WASHINGTON, D.C. - The Bush administration said Sunday it will accept an extraordinary offer by a United Arab Emirates-based company to submit to a second - and broader - U.S. review of potential security risks in its deal to take over significant operations at six leading American ports. The plan averts an impending political showdown.
The Treasury Department said in a statement it will promptly begin the review once the company formally files a request for one. It said the same government panel that earlier investigated the deal but found no reason for national security concerns will reconsider it.
In six pages of documents sent earlier in the day to the White House, Dubai-based DP World asked for a 45-day investigation of plans to run shipping terminals in New York, New Jersey, Baltimore, New Orleans, Miami and Philadelphia.
The announcement means the White House likely won't face a revolt by fellow Republicans when lawmakers return Monday from a weeklong break. A united Republican Party can assert that its leaders - both in Congress and at the White House - have taken additional steps to protect national security.
In a statement Sunday, Senate Majority Leader Bill Frist, R-Tenn., said he will recommend that the Senate wait for results of the broader review before acting on legislation to delay or block the deal.
Frist said he anticipates oversight hearings to continue to examine the agreement and its implications on maritime security.
DP World's offer was highly unusual.
The secretive U.S. committee that considers security risks of foreign companies buying or investing in American industry has conducted such full investigations only about two dozen times among the more than 1,500 international deals it has reviewed.
The company said that during the renewed scrutiny, or until May 1, a London-based executive who is a British citizen would have authority over DP World's U.S. operations. It pledged that Dubai executives would not control or influence company business in the U.S., but said it was entitled to all profits during the period. It also said it will appoint an American to be its chief security officer in the United States.
"We hope that voluntarily agreeing to further scrutiny demonstrates our commitment to our long-standing relationship with the United States," said Edward H. Bilkey, the company's chief operating officer.
President Bush forcefully has defended his administration's earlier approval of DP World's proposal to buy London-based Peninsular & Oriental Steam Navigation Co. It was not immediately clear whether the re-examination by U.S. officials would produce a different outcome.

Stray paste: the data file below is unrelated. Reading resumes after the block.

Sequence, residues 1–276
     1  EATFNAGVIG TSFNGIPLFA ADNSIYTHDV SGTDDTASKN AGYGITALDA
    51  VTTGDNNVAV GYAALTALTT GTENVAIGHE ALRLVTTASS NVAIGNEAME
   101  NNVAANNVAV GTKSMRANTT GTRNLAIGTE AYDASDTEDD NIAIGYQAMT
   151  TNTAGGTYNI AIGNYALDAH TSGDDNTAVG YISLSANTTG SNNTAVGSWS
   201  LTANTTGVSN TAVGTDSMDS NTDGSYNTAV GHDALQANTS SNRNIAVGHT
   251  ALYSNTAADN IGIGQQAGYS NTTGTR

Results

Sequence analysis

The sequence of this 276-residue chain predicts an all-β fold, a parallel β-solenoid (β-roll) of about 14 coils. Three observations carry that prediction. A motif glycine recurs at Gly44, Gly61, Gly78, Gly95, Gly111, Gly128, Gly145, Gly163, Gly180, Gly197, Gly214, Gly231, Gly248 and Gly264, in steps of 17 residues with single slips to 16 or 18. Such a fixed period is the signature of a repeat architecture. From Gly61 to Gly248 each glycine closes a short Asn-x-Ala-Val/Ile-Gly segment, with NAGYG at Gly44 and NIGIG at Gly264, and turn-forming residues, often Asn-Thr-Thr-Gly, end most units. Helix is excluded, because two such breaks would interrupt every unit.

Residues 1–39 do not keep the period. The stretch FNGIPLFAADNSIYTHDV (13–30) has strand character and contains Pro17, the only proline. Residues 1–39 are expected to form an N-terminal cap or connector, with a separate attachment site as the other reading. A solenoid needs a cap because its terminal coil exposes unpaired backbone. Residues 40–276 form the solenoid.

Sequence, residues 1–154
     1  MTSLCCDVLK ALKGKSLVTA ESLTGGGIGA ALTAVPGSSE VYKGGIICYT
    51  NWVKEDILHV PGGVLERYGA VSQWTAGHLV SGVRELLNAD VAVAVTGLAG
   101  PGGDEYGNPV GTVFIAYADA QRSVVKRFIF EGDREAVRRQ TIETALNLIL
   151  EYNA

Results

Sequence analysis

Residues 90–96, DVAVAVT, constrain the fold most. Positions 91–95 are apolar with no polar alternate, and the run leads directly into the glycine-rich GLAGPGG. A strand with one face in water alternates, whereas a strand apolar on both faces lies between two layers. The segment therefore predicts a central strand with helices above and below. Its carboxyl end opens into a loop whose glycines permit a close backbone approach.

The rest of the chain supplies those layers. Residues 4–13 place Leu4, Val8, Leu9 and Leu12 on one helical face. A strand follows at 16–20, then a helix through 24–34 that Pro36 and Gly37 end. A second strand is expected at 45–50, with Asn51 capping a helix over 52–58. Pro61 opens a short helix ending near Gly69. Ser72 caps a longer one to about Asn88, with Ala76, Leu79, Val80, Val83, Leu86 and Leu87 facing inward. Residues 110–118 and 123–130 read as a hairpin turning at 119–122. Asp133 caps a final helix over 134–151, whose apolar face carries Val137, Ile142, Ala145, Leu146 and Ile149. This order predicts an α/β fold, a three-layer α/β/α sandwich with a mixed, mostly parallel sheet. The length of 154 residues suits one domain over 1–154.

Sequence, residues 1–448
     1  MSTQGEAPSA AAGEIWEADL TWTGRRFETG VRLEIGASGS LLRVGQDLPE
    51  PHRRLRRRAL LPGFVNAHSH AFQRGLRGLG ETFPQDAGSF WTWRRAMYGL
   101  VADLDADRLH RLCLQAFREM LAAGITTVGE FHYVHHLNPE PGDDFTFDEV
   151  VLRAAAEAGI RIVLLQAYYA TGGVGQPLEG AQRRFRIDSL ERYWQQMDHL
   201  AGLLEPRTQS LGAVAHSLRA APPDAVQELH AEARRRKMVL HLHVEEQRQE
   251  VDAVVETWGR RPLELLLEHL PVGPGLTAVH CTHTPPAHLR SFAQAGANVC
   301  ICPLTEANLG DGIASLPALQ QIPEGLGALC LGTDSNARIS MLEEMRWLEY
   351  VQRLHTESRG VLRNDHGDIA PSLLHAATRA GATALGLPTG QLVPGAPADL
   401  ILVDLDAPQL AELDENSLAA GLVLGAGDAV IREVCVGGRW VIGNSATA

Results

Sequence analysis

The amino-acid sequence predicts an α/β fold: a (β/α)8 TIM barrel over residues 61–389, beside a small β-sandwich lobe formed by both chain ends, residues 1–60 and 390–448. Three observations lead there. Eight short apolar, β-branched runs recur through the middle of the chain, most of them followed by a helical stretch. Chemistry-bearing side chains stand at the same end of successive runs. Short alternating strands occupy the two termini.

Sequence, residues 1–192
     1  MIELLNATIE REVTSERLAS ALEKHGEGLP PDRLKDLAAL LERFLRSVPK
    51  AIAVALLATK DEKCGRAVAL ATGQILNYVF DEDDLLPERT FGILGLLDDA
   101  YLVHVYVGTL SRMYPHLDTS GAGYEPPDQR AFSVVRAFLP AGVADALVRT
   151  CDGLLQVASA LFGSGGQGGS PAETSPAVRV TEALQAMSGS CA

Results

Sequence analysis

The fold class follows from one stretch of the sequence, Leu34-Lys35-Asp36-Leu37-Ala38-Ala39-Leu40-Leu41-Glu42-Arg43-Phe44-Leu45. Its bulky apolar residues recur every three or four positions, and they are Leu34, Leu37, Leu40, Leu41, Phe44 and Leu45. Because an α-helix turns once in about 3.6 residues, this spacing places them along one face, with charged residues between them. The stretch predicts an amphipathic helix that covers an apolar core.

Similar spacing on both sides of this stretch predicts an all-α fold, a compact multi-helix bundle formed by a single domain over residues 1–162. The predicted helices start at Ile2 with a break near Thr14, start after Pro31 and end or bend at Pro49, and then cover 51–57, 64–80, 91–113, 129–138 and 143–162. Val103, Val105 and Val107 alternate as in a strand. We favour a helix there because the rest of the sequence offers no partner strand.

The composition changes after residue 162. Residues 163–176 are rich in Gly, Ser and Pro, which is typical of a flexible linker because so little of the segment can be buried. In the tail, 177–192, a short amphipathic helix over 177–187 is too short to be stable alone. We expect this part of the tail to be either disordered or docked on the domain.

"We're satisfied that there's been a complete review of the deal," Frances Fragos Townsend, the White House homeland security adviser, said on "Fox News Sunday."
In the administration's earlier review DP World agreed to cooperate with law enforcement investigations and disclose records on demand about "foreign operational direction" of its business. The U.S. review committee unanimously approved the deal after a regular 30-day review, during which U.S. intelligence agencies reported they found no derogatory information about DP World in their files.
As part of that review, the administration did not require DP World to keep copies of records on U.S. soil, where they would be subject to orders by American courts. It also did not require the company to designate an American citizen to accommodate U.S. government requests for information or assistance.
In the legal papers sent to the White House, DP World said it would abide by the outcome of the lengthier review but indicated it could sue if the results were any different. The administration could seek additional security measures beyond the terms already negotiated.
A chief critic of the ports deal, Rep. Peter King, R-N.Y., said the company appeared to invite the more thorough investigation sought by many lawmakers. King, chairman of the House Homeland Security Committee, said the proposal should be enough to delay any immediate effort in Congress to block the deal.
"If it is what it appears to be, to me there's no need at this time to go forward" with emergency legislation, King said. "Obviously we have to hold it in reserve and see what happens."
Another critic, Sen. Charles Schumer, D-N.Y., said DP World's willingness to submit to the new review was "certainly a significant step forward, but the devil is in the details." Schumer said Congress should have a chance after the review to approve or reject the administration's decision.
"If the report is completed and kept secret and only given to the president, who has already come out for the deal, it will not reassure Americans," Schumer said.
Despite the company's offer, Schumer said he still would introduce legislation Monday to ensure a thorough investigation is done.
Frist presented the outlines of a proposal to the company and the administration late Friday. All parties, including House Speaker Dennis Hastert's office, held talks through the weekend.
Critics of the deal have cited the UAE's history as an operational and financial base for the hijackers who attacked New York and Washington in September 2001. The U.S. government also questioned the UAE years ago about possible ties between officials there and Osama bin Laden, according to the report by the independent commission that investigated the suicide hijackings. Critics also have complained that the UAE was one of only three countries to recognize the Taliban government in Afghanistan before the U.S. overthrow in 2001.
Associated Press writers Liz Sidoti and Devlin Barrett contributed to this report.